U Student Judicial Affairs not there to only discipline

by Matthew Gruchow

F or Sharon Dzik, her job will always be more about a passion for students than discipline – a mixture of education and sanction, she said.

But, she said, the University population does not notice this work because of confidentiality laws prohibiting her from talking about the specific disciplinary cases she handles.

Dzik is the director of Student Judicial Affairs. At the office, students who have broken University policies and rules – academic, such as plagiarism, or nonacademic, such as sexual assault – are disciplined. Discipline varies from expulsion to academic probation.

The stigmatizing of the type of students who come to the office must stop, she said.

“People really have to get over that stigma that if you come here, you’re automatically in trouble,” she said.

Many people fail to see the office staff as a group of educators who teach students how to avoid cheating and getting into trouble, she said.

“It’s one of the most teachable moments that there can be for students sometimes,” Dzik said. “We have a code of conduct, and we’re here to uphold that.”

Educating University faculty members on what violations to report and helping them understand the disciplinary process is equally as important, she said.

The office gathers reports of student misconduct from all areas, including residential life and campus police, Dzik said.

For the 2003-04 academic year, the office had 384 cases, she said. Academic dishonesty counted for 168 of those cases, she said.

“I don’t think there are a lot of things falling through the cracks,” Dzik said.

According to statistics for 2003-04, men and women appear equally prone to violating policies and having disciplinary problems, Dzik said.

Amy Jo Pierce, a junior political science student and Minnesota Student Association vice president, who said she is not speaking on behalf of MSA, said she agrees the office could be more visible.

“As a student, I would say pretty much any department at the (University) should be more visible to students,” Pierce said.

More students are using the University’s Student Dispute Resolution Center, said Jan Morse, director of the center. Morse said there’s not one particular reason for the increase.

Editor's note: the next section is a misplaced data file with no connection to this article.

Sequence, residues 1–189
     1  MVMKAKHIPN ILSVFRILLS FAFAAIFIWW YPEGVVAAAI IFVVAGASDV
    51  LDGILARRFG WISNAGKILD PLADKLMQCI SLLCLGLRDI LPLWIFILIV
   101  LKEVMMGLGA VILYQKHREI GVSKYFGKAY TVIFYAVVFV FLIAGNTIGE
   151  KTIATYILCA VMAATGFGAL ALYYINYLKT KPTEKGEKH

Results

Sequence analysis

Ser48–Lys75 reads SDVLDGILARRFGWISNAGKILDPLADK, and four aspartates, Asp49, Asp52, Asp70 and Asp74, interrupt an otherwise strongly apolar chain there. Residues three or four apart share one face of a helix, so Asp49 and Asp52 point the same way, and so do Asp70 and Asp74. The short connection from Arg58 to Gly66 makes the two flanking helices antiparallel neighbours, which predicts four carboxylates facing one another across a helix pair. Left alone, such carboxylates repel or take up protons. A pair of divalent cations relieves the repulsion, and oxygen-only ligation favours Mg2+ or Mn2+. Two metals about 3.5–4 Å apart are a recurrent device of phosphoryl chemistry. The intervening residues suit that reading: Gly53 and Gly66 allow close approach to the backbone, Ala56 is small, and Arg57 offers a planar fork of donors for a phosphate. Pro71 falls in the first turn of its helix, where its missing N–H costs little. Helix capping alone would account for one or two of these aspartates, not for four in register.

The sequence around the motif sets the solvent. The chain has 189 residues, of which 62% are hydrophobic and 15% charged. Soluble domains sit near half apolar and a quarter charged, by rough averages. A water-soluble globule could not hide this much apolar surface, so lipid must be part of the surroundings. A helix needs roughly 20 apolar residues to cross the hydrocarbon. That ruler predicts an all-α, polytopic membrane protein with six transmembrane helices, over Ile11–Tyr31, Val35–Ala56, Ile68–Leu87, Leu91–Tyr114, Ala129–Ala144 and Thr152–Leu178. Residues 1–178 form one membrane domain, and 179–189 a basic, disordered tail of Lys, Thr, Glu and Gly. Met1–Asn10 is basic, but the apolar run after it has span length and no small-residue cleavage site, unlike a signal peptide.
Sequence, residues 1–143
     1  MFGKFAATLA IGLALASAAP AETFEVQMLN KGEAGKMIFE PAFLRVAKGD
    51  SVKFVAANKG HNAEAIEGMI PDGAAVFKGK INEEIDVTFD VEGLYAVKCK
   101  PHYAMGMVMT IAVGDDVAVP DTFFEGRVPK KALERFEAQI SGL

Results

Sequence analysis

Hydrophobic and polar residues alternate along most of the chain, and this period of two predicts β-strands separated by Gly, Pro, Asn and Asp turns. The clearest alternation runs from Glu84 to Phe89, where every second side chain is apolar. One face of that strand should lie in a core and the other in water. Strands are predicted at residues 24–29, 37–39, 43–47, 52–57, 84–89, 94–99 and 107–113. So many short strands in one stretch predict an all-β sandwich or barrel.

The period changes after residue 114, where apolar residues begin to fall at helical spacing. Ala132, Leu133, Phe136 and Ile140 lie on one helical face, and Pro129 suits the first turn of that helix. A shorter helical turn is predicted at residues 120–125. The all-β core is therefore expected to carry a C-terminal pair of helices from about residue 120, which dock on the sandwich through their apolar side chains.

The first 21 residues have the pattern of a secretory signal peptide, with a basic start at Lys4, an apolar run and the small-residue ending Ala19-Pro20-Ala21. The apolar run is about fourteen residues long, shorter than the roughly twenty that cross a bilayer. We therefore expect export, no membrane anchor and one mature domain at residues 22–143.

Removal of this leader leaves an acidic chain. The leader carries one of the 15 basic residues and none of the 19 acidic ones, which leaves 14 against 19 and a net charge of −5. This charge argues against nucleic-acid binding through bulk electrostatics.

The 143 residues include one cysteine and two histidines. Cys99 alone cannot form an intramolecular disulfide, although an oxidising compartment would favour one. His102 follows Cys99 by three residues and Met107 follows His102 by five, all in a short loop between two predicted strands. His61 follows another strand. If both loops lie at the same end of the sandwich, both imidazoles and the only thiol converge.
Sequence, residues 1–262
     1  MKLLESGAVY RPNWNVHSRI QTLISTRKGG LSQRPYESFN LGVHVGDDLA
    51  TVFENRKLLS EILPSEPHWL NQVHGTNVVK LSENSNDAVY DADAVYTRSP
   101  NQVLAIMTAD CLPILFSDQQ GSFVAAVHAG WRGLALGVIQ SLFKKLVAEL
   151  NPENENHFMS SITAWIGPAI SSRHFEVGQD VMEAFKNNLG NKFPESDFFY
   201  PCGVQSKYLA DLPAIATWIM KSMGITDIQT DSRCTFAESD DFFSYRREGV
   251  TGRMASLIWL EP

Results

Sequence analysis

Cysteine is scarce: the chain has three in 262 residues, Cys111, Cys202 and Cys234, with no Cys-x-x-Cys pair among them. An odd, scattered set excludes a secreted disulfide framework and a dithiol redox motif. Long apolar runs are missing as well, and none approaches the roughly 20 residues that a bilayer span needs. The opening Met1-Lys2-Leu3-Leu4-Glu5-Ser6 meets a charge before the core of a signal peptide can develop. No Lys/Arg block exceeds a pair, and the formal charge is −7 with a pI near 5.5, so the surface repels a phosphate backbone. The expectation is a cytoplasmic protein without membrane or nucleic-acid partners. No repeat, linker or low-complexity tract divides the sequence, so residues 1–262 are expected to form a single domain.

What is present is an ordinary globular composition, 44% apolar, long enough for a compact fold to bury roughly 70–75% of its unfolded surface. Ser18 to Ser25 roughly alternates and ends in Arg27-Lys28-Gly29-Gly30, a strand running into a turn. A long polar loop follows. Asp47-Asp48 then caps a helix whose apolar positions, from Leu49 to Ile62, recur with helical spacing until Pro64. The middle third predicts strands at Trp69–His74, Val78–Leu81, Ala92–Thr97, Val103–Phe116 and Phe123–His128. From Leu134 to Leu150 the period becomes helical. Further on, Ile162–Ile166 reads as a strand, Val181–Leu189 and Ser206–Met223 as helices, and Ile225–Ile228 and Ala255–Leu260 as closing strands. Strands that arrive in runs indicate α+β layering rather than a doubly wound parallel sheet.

As the office launches preventative programs, the agency will be more visible to students, Dzik said. Programs include Student Advocates for Academic Integrity, which was launched this month.

Reaching students

The office has an opportunity to reach students when their academic careers could be in jeopardy, Dzik said.

Being fair and compassionate is essential to judicial work, she said.

“It takes a lot of diplomacy, but it also takes a lot of compassion to do this kind of work,” Dzik said. “You have to really listen to people and understand why a person gets into a situation they’re into.”

Dzik said she has had more positive than negative interactions with students.

“Their issues aren’t with me, per se, as authority but more with the way they feel like life is treating them,” Dzik said.

Students have generally been receptive and appreciative of the office’s work, she said.

“I enjoy talking to all kinds of students,” Dzik said. “I don’t think there’s anyone you can’t reason with and talk to.”

Learning not to take it home

Dzik said she has been at the University for 10 months, after leaving a judicial affairs position at Sonoma State University in Rohnert Park, Calif.

In her career, she has handled cases varying from plagiarism to student death.

It is important that judicial officers be involved in other campus activities to ease the emotional toll that can leave some jaded, she said.

Dzik never takes work home with her and exercises to relieve stress, she said.

“Everyone in this type of job needs to have that place where they can go and not have to think about it or have your family involved with it.”